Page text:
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Ex-Stanford University swimmer Brock Turner appeals sexual assault conviction

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WATCH: Former Stanford swimmer Brock Turner's lawyer appeared in court in Tuesday and argued that his client's attempted rape conviction should be overturned, saying that he never intended to rape an unconscious woman and his clothes were on when the incident occurred – Jul 24, 2018

A lawyer for former Stanford University swimmer Brock Turner argued Tuesday that his client’s attempted rape conviction should be overturned, claiming that Turner never intended to rape an unconscious woman.

Eric Malthaup told a California appeals court in San Jose that Turner had his clothes on when he was discovered by two Swedish graduate students on top of a half-naked, intoxicated woman, the Mercury News reported .

But the poker-faced justices appeared skeptical of his argument. The panel has 90 days to issue a ruling.

“I absolutely don’t understand what you are talking about,” Justice Franklin D. Elia said, adding that the law “requires the jury verdict to be honoured.”

READ MORE: Hedley singer Jacob Hoggard charged with sexual assault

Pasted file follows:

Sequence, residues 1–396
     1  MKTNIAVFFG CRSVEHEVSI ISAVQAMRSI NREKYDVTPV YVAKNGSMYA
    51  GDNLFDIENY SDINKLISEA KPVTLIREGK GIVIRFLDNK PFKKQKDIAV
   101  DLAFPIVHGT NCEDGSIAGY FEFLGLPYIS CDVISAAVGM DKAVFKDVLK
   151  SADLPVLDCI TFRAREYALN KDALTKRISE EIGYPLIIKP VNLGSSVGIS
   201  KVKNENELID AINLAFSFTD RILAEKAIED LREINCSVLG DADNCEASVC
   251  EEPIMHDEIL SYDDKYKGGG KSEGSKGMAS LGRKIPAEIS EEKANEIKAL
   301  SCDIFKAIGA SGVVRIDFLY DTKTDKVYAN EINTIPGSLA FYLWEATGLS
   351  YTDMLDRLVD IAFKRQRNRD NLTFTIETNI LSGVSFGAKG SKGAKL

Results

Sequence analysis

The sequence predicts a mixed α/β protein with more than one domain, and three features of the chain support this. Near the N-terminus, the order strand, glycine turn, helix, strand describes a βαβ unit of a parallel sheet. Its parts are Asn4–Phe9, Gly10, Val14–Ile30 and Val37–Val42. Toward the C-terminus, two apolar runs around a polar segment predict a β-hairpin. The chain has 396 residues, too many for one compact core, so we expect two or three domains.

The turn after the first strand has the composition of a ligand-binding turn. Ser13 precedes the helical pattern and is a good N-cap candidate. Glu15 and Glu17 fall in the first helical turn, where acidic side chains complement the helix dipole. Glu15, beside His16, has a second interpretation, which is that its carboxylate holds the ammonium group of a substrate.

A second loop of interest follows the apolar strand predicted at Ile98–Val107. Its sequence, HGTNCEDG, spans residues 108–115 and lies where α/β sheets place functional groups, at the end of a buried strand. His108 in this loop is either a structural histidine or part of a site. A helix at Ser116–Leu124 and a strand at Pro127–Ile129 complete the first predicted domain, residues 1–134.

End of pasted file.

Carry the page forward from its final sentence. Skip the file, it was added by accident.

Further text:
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Assistant Attorney General Alisha Carlile argued that Multhaup had presented a “far-fetched version of events” that didn’t support the facts of the case.

Turner was convicted of sexually assaulting an intoxicated woman outside an on-campus fraternity house in 2015. After a trial in June 2016, a jury convicted Turner of sexual assault, and Judge Aaron Persky sentenced him to six months in jail.

The sentence was widely criticized as too lenient.

After the victim’s 7,200-word letter to Turner that she read in the courtroom during sentencing was published online, the case drew national outrage. The case exploded on social media and ignited a debate about campus rape and the criminal justice system.

“I want to show people that one night of drinking can ruin two lives,” she wrote. “You and me. You are the cause, I am the effect.”

Santa Clara County voters recalled Persky in June after a campaign to unseat him raised more than $2 million in nationwide contributions. Critics of the judge and the sentence said Turner’s short jail term underscored how law enforcement minimized sexual assault and highlighted how privileged defendants who can afford private attorneys often fare better in court.

Turner, 22, lives outside of Dayton, Ohio, with his parents. He is required to register as a sex offender for life.

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